February , 2019
Coking coal scarcity affects Indian steel
12:17 pm

Kuntala Sarkar

The Indian government is focusing on the steel sector. Bolstering infrastructure and industries will augur well for the sector. However, the steel industry is being impeded by scarcity of good quality coking coal- a key ingredient in steel making. 

Indian coking coal demand to rise for steel industry

In the 2017-18 FY, India became the second largest steel producer in the world. India produced 102.22 million tonnes (MT) of crude steel during this time. According to data released by the Joint Plant Committee, Indian steel production in 2018 increased by 6% on a year-on-year basis to reach 52.25 MT. It is estimated that India’s crude steel production will trend to 125 MT by 2020.

The demand for coking coal can also be expected to increase in future. The monthly coking coal demand is expected to be higher, at around 6 MT, by the end of 2020-21 fiscal. This would mark around 20%-23% increase in the demand for coking coal. According to industry insiders, around 82% of the required coking coal in India comes from imports. The primary exporting states include Australia, Canada, and South Africa.

According to industry estimates, for the domestic steel production of around 102.33 MT in 2017-18, India imported around 47.22 MT of coking coal. The Comptroller and Auditor General of India (CAG) has observed in its report that in the total annual coking coal requirement of about 15 MT, Steel Authority India Ltd. (SAIL) imports around 12-13 MT.

High prices of coking coal in the international market are posing serious challenges to the Indian steel sector. According to research by CRISIL, prices of coking coal fell to the range of $190-$200 per tonne in the last fiscal year. This range is expected to come down marginally to $175-$185 per tonne in 2019, which is still quite steep and will pose difficulties for India’s steel sector.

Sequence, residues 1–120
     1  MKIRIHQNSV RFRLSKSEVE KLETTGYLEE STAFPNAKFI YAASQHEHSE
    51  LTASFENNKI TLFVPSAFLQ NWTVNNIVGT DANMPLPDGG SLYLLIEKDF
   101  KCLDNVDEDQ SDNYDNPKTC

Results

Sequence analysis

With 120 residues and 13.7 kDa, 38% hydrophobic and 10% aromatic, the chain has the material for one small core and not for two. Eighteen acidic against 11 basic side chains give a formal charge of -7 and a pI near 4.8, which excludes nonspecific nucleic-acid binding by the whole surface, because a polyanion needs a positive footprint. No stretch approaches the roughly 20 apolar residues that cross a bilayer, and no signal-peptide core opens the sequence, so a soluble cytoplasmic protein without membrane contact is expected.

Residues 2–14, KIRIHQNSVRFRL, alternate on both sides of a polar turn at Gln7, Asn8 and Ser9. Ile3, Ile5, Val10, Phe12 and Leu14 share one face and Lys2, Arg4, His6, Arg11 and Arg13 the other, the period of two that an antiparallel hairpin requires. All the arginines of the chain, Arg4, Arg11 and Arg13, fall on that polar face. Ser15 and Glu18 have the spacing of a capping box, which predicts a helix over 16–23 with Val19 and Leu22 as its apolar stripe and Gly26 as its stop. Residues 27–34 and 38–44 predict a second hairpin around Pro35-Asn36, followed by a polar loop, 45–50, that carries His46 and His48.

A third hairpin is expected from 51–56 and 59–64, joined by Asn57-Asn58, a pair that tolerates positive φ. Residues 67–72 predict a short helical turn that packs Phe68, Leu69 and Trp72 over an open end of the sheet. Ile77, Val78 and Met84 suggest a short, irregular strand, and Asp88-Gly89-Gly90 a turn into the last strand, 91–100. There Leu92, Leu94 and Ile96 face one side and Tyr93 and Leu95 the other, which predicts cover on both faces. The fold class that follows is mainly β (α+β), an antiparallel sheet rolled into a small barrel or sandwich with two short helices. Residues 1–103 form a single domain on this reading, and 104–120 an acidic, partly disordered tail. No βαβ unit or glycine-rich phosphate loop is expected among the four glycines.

Domestic availability

India does not have quality reserve of coking coal. Efforts are on to increase production of coking coal but results are yet to be achieved. In the FY 2017-18, Coal India Limited (CIL) produced 567.37 MT of raw coal. But coking coal was less than 10% of the total produced coal. The share of coking coal in CIL’s total production was also down at 5.9% in FY 2017-18 from 9.9% in FY 2016-17. The decline occurred for various issues like depletion of reserves in open cast projects, closure of unviable mines and re-gradation of coal blocks in the country. CIL plans to boost its coking coal production by FY 2019-20. In the targeted production of 908 MT coal to achieve by FY 2019-20, share of coking coal will be approximately 71.12 MT.

Status of coal washeries

The 34.5 billion tonnes (BT) of coking coal reserves in the country is not suitable to produce good quality coke, because of its high impurity and very poor washability characteristics. Total installed capacity of coal washeries which operates at 20-30% capacity utilisation in India is about 31 metric tonnes per annum (MTPA). The current washing capacity of Coal India for coking coals is 23.3 MTPA. But most of these washeries were set up decades ago and require modernisation.

National Steel Policy to encourage domestic production

The Indian government is focusing on enhancing the steel sector. N. C. Jha, Advisor, SAIL informed the media in a recent conference organised by mjunction that, “The National Steel Policy gave a planning to grow the demand of crude steel to 255 MT and the capacity of crude steel to grow to 300 MT per annum by 2030-31.” The target for per capita steel consumption in India is also 160kg by 2030. To achieve this target, the estimated coking coal requirement will be around 161 MT. This demands healthy natural resources, good finances, enormous manpower and well equipped domestic infrastructure. The new steel policy envisions India reducing its import dependency of coking coal by 50% by 2030-31.


CIL will be setting up 18 new domestic coking coal washeries with a total capacity of 48.2 MTPA. Three washeries at Bharat Coking Coal Ltd. (BCCL) with a combined capacity 11.6 MTPA are also in the assigning stage. Another three washeries with a total capacity of 7 MTPA are in different stages of construction and are expected to be assigned by 2020. Another new coking coal washery with a capacity of 3.5 MTPA is planned at the Tasra project of SAIL. Indian steelmakers also need to pursue cheaper import alternatives of coking coal.


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